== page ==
Trucks: Chevrolet’s Tahoe Hybrid

Updated May 16, 2012

The 2008 Chevrolet Tahoe Hybrid delivers 30-percent better overall fuel efficiency than a conventionally powered Tahoe with a smaller V-8 engine. Chevy says the hybrid gets 50-percent better in-city fuel economy than a conventional Tahoe, which translates to a 21 mpg in-city rating. For perspective, keep in mind that’s the same mpg rating a four-cylinder Toyota Camry gets in urban driving conditions.

It’s virtually impossible to tell a conventional Tahoe from a hybrid model by external appearances. From the driver’s seat, the Tahoe Hybrid behaves in traffic and on the open road exactly as a gasoline-powered model would. The SUV comfortably seats up to eight adults, and both the second- and third-row seats fold down to provide ample, secure cargo capacity. All the usual bells and whistles, from heated front- and second-row seats, power windows and mirrors to the premium Bose stereo with Onstar and real-time GPS navigation system are offered as well.

A combination of forward-thinking technologies
GM was able to achieve such impressive in-city fuel economy for the Tahoe Hybrid by bringing a couple of pertinent technologies together on the truck and integrating them seamlessly together.

As with GM earlier hybrid systems, the computer shuts the engine down once its rpms drop into idle range. The actual power transition is transparent: An astute driver will note the engine oil pressure gauge dropping to zero, and the tachometer dropping below 1,000 rpms into a new “Auto Stop” zone. At this point, the Tahoe is essentially a big golf cart running on electric power captured when the SUV is braking or coasting in normal driving conditions.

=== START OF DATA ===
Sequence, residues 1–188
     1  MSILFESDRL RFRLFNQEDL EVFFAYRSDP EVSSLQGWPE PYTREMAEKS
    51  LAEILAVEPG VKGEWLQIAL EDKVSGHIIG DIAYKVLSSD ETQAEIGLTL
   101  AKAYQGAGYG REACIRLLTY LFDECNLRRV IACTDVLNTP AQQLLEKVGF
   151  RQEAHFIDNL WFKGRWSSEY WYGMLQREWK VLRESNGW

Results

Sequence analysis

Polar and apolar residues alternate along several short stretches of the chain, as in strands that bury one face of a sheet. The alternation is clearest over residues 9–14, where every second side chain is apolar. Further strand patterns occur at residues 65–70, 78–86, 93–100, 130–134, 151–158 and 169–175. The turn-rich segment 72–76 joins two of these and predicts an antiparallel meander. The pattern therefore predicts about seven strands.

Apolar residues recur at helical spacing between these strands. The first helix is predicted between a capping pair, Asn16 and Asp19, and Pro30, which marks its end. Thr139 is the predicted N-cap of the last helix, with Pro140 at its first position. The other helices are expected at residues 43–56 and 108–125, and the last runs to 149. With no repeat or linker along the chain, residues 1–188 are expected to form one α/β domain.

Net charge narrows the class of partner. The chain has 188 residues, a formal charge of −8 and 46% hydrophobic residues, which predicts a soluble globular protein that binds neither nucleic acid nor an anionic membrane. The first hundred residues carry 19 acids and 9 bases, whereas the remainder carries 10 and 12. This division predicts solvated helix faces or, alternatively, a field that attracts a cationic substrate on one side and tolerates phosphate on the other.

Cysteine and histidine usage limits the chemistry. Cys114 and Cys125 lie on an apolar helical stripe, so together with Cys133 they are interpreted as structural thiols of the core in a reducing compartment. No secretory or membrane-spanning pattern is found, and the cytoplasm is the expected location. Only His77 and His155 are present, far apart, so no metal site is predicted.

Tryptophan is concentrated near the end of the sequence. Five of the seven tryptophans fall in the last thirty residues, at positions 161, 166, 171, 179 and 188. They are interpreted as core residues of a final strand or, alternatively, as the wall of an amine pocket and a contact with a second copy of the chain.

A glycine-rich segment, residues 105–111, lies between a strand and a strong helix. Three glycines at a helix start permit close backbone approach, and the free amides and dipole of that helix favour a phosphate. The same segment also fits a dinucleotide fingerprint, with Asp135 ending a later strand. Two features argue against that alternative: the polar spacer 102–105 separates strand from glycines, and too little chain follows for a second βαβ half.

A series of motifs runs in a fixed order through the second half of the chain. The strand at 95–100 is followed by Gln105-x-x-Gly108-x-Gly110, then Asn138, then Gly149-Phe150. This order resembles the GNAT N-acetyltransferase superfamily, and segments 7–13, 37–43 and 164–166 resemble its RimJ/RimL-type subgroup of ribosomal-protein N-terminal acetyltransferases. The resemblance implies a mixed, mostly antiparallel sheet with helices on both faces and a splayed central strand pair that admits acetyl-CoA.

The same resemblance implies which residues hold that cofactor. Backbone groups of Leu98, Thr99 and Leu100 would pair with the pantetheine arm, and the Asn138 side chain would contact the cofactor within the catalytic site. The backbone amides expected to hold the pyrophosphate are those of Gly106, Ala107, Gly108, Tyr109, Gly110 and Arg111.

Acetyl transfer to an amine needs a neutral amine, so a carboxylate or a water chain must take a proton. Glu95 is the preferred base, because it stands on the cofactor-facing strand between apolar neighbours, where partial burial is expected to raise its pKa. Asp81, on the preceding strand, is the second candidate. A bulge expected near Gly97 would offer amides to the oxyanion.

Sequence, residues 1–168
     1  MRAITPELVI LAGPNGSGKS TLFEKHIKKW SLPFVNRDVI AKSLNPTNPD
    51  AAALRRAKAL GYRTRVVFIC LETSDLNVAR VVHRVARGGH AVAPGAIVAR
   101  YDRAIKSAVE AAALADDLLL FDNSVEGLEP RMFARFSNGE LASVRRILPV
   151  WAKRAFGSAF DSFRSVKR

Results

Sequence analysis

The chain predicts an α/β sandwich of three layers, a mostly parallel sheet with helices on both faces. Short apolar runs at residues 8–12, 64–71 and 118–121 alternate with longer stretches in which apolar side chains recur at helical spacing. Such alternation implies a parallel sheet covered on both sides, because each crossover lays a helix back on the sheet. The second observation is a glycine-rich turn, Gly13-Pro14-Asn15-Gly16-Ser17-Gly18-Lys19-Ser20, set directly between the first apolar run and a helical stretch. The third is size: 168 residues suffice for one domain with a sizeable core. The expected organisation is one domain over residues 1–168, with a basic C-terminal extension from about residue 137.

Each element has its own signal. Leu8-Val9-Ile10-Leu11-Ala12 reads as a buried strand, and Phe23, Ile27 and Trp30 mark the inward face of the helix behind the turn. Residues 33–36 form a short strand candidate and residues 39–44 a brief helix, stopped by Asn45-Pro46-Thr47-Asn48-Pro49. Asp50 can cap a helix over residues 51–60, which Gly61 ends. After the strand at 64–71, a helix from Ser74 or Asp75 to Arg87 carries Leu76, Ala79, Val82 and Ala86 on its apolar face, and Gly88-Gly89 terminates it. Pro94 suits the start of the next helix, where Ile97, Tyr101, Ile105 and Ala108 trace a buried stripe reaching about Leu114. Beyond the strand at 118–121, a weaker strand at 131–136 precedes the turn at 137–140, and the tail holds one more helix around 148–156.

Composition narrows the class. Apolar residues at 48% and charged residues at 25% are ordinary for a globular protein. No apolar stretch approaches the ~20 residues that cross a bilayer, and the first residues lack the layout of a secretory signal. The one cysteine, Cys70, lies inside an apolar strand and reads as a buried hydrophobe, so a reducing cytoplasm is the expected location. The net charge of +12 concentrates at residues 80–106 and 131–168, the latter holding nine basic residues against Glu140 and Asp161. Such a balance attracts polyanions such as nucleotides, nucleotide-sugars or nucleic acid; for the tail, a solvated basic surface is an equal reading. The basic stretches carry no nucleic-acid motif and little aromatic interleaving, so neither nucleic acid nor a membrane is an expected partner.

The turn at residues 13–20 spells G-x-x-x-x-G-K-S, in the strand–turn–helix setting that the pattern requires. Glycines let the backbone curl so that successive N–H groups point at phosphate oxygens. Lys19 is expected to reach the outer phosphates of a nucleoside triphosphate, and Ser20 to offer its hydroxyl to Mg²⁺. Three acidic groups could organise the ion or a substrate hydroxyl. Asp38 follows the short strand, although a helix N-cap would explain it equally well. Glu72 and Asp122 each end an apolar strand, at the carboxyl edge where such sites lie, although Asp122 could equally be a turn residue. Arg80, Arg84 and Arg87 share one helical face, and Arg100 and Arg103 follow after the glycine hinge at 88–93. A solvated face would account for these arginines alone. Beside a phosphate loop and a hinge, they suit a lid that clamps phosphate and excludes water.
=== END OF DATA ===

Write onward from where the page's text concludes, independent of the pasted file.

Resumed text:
As long as you keep the tachometer below 1,000 rpms and vehicle speed under 20 mph or so, the Tahoe moves quietly along just fine on electric power. It’s an outstanding system in traffic congestion, on neighborhood streets, parking lots and fast food drive-through lanes. Inside the truck, all traditional and essential vehicle systems function normally: The heat and air continue blowing, power steering works normally, as do the navigation and entertainment systems. The SUV emits zero emissions and burns no fuel when operating in this mode. When it’s time to go, simply step on the accelerator and the computer will instantly re-start the gasoline engine.

The Tahoe Hybrid comes standard with GM’s Active Fuel Management. This is essentially a
computer-controlled engine displacement system. The Tahoe’s onboard computer compares multiple variables such as engine rpm, accelerator inputs and vehicle speed and determines if the engine needs to be running on all eight cylinders or if can get by on four. A read-out in front of the driver lets you know how many cylinders are in use – a helpful tool because the actual engagement and disengagement of the cylinders is virtually impossible to detect from inside the vehicle.

It’s a pretty slick system. And it’s a good feeling to check the mileage readout and see that you’re logging 43 mpg at 70 mph in a vehicle as large as a Chevy Tahoe. Still, it’s worth noting that the Hybrid Two Mode power system works best and delivers its greatest benefits in city driving conditions. The Tahoe Hybrid’s highway mileage is exactly the same as a conventional Tahoe equipped with Active Fuel Management, simply because its electric drive system has no influence on high-speed road performance.

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